Dr Hector Munro

From: Penelope Fitzgerald’s Charlotte Mew and Her Friends (1984) Chapter Thirteen – ‘Never Confess’:

“From September to October (1914, May Sinclair) was in Belgium with an ambulance team sent out by the MedicoPsychological Unit and working with the Belgian Red Cross. The commandant was Dr Hector Munro, the clinic’s consultant. May acted as secretary and contributed a good deal of the funds. But she was used to organising things in her own way, and perhaps showed this a little too plainly…In October Dr Munro asked her to go home and appeal for more funds. While she was in England he sent a message to the War Office, telling them that on no account was Miss Sinclair to be allowed back to Belgium…”

Early British Psychoanalysis and the Medico-Psychological Clinic: Suzanne Raitt, in History Workshop Journal No. 58 (Autumn, 2004):

…the Medico-Psychological Clinic, also known as the Brunswick Square Clinicwas open between 1913 and 1922, and developed the first psychoanalytic training programme in Britain, as well as offering psychoanalysis and other forms of therapy to a range of patients, including shell-shocked soldiers.

Nowadays the Clinic is almost forgotten: Ernest Jones, in his zeal to establish his own primacy as father of the British movement, fails to mention it in his published reminiscences, even though some of the leading lights of the British Psycho-Analytical Society, under his presidency…received their first analysis or training there…”

From: Liberalism and the Rise of Labour, 1890-1918 (1986) by Keith Laybourn and Dr. Jack Reynolds:

“…Others campaigned strongly for the war effort and took themselves to France. Dr. Hector Munro, a prominent Bradford ILPer (Independent Labour Party) and sometime member of the Board of Guardians, went to France with an ambulance wagon at the beginning of the conflict…”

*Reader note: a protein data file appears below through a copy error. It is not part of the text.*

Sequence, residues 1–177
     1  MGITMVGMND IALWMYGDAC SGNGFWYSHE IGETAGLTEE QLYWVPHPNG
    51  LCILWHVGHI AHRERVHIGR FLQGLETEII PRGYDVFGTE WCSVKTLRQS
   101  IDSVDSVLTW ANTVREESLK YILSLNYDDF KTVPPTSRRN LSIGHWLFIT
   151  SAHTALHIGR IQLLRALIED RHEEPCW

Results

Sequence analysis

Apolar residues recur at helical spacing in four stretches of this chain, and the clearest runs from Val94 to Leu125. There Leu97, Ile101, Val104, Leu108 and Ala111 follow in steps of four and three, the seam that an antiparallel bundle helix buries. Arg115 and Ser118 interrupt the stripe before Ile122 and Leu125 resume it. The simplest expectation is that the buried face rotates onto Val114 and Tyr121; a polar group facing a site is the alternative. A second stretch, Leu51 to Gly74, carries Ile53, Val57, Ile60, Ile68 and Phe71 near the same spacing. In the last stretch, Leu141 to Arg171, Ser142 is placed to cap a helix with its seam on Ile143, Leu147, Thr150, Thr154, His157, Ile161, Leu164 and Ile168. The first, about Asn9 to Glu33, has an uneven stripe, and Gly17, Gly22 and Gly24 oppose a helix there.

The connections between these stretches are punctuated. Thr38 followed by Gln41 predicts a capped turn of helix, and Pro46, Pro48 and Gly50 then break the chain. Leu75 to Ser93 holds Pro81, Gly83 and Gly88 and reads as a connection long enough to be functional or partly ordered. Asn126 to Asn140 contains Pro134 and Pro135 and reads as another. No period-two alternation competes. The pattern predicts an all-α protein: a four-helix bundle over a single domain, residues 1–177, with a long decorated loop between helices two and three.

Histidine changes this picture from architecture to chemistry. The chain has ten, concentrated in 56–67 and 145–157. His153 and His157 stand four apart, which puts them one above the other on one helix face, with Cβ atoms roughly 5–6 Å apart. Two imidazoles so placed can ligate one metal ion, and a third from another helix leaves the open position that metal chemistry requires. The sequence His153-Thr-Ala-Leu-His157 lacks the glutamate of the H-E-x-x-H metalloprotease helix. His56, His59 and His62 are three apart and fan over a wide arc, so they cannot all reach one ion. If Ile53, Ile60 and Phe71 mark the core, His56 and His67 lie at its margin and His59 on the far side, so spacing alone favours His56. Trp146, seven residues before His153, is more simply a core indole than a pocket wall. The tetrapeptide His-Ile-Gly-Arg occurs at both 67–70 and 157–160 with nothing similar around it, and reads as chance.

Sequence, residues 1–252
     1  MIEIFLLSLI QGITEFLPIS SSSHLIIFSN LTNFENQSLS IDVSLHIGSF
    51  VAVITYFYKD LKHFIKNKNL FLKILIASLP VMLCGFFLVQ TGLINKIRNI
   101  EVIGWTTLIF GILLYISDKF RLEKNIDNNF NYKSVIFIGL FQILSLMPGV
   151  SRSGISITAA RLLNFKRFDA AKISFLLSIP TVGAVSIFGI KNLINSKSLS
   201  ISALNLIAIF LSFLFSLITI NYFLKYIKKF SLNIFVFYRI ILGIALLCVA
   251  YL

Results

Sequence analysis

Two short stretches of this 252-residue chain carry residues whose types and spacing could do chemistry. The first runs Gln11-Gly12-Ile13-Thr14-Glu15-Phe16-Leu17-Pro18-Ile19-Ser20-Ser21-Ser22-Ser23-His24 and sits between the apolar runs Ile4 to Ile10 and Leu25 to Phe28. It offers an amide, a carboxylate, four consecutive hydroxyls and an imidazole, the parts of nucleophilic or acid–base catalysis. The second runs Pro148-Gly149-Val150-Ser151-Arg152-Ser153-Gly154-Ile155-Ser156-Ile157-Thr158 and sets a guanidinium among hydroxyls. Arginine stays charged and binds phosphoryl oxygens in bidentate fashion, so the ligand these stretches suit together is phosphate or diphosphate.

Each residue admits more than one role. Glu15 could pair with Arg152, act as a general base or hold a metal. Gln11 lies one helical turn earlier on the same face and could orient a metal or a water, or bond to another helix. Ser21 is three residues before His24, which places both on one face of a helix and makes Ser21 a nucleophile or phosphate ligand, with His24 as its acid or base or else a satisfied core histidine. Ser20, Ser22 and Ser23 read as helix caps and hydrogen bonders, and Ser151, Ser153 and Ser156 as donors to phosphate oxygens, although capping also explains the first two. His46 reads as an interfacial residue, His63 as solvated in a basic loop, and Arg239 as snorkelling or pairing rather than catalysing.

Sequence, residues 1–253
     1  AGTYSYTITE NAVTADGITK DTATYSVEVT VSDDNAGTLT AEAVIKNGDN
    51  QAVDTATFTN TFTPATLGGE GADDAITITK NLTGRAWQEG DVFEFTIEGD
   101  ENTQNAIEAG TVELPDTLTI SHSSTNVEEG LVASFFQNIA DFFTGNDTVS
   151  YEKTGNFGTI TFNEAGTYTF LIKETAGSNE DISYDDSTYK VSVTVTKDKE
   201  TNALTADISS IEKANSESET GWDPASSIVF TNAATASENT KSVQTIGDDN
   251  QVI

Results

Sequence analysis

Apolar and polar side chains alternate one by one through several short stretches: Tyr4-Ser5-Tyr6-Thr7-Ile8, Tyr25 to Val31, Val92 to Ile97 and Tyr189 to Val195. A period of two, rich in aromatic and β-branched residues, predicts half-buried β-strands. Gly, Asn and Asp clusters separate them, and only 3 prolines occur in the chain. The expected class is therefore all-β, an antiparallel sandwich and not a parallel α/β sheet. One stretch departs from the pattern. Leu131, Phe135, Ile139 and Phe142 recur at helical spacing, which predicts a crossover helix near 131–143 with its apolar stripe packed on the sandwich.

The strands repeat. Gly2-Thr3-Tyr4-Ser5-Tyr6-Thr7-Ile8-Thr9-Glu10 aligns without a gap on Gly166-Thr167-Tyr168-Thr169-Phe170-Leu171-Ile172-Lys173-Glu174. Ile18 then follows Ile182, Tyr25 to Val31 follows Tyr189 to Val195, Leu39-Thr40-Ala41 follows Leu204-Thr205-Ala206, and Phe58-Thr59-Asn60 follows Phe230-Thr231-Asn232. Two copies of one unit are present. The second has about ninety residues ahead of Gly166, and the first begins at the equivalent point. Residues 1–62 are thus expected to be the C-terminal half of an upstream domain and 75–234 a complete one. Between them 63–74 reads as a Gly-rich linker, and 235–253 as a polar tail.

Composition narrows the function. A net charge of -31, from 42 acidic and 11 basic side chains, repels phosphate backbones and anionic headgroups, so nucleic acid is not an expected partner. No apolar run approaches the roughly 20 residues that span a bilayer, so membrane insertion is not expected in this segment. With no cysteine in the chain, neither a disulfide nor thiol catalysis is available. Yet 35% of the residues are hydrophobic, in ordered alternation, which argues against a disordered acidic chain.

From: Paskauskas, R.A. (1993). The Complete Correspondence of Sigmund Freud and Ernest Jones 1908-1939:

I hope your dear wife has recovered and you are in good health again. I saw Munro again (with two new Havana boxes!) and really got the impression he was not very reliable. Somehow I begin to catch a dislike against members of the Labour Party…

My health is good, I cannot take another patient until the vacancies, Rickman is excellent, Daly, who offered himself to you for two months after I leave, is a bore and an ass as you said. He is dissatisfied with my person.

My wife is still in Hamburg, Ernest is to be wedded to his bride May 18th in Berlin.

With sincere love to you and your wife



From: Mourning and Mysticism in First World War Literature and Beyond – Grappling with Ghosts by George Johnson:

“…(May Sinclair) very likely originated the idea of sending an ambulance unit to Belgium, choosing an eccentric Scottish doctor, Hector Munro, to lead it. Evidently she was attracted to him and idealised him, claiming that “he is not only a psychologist & psychotherapist, but a “psychic”, & he has the “psychic’s” uncanny power over certain people (they are generally women).”

From the website of the Dictionary of Irish Biography (entry on Russell, George William (‘Æ’), journalist, writer, artist, and cooperator, by Nicholas Allen):